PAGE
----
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A Review On Leveraging Big Data Analytics In Health Care Sector For Enhanced Diagnosis And Competent Patient Health Care Monitoring System

A Review On Leveraging Big Data Analytics In Health Care Sector For Enhanced Diagnosis And Competent Patient Health Care Monitoring System

This is one of the most ubiquitous applications in healthcare sector. Every individual (like patients) have their digitalized record. This record includes the patient medical history, allergies and symptoms, laboratory test reports, etc[9]. The evidence-based tools are available to healthcare providers from both public and private sectors and they can use to make decision on patients care. Key features of EHR allows to create and manage health information’s in digitalized format by authorized providers and also information shared securely via secure information systems across many providers (e.g. doctors, laboratories, pharmacy and etc).
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Electronic Health Records (EHR)

Electronic Health Records (EHR)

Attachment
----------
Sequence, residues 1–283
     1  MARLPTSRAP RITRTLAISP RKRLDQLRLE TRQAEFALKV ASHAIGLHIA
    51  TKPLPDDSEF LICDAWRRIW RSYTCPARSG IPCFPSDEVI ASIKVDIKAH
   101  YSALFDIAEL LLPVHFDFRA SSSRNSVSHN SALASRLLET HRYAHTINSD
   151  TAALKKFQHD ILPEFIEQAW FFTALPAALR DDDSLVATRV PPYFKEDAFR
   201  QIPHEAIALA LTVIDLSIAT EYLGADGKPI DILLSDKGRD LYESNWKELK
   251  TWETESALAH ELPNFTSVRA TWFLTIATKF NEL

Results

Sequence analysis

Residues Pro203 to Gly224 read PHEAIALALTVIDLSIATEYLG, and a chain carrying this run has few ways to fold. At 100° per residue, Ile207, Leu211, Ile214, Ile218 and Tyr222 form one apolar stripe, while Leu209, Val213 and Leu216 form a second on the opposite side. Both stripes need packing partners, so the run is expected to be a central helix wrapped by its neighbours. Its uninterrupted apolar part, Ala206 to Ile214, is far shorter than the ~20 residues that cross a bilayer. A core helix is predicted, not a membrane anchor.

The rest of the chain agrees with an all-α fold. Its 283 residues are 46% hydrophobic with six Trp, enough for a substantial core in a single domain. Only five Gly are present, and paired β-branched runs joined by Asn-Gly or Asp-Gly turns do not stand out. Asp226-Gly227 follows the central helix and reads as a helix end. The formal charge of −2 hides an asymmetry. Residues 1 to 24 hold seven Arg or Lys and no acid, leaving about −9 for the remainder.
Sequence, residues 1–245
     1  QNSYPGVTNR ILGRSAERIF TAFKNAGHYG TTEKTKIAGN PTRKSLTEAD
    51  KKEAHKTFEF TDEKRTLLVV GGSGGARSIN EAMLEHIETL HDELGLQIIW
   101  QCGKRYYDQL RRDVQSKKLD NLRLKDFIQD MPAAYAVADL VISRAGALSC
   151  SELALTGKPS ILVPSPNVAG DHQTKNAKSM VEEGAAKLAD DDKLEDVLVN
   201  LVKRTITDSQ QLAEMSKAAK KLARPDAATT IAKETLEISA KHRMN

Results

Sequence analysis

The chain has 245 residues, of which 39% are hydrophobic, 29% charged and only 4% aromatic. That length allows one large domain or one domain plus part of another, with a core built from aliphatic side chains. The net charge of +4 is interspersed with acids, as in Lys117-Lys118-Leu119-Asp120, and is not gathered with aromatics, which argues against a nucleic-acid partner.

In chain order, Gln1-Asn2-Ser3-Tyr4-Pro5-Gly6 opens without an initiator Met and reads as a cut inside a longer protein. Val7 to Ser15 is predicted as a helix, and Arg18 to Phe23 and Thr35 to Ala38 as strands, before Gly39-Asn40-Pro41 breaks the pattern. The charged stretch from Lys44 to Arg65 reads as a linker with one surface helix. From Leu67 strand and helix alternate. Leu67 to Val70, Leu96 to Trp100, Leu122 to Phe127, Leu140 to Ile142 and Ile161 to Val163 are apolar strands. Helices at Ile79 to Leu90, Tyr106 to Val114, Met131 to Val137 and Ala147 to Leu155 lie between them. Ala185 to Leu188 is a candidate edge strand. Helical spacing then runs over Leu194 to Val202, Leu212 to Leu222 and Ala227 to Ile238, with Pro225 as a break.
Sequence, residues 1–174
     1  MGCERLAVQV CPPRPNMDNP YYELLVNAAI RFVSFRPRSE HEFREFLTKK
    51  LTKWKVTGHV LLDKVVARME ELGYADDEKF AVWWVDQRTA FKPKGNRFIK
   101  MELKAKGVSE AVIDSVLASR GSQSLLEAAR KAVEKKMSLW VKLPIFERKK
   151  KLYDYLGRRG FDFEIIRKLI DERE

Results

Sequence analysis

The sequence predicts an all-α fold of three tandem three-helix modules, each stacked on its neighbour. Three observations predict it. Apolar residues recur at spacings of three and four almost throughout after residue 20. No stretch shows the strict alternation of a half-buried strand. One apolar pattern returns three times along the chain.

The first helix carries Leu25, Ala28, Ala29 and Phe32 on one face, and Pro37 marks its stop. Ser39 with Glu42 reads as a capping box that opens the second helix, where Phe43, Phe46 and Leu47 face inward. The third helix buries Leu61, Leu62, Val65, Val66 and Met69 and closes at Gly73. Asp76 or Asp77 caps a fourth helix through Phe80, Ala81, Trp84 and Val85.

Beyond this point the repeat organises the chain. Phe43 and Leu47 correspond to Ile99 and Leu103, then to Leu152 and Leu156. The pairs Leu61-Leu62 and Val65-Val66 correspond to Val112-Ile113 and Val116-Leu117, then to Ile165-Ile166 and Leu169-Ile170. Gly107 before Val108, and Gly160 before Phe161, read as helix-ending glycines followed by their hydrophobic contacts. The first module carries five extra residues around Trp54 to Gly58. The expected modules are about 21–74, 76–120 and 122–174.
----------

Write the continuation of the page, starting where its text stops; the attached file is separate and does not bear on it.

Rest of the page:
New technologies also are coming to the forefront and will enable healthcare providers to improve practice work flows and offer the opportunity to gain more efficiency. Bar coding is one technology that is used widely in healthcare today, mostly in larger facilities. The bar coding opportunities and uses will continue to grow. Some future applications include bar codes on patient wrist bands, medications, specimen collections, blood administration, and supplies (Zebra Technologies, 2010). Bar coding will help with patient tracking, will accurately identify the patient with clinical tests, and ensure safety in drug administration. Another technology that will someday come into use in healthcare is RFID (radio-frequency identification frequency identification) (Zebra Technologies, 2010). RFID technology will be used to track supplies and medical equipment within the healthcare setting. It can also be used to track patients as they maneuver through the healthcare setting, seeing physicians and getting testing completed (Zebra Technologies, 2010). RFID technology can also be used in surgical applications to ensure right patient, right procedure, right location, and at the right time (Zebra Technologies, 2010).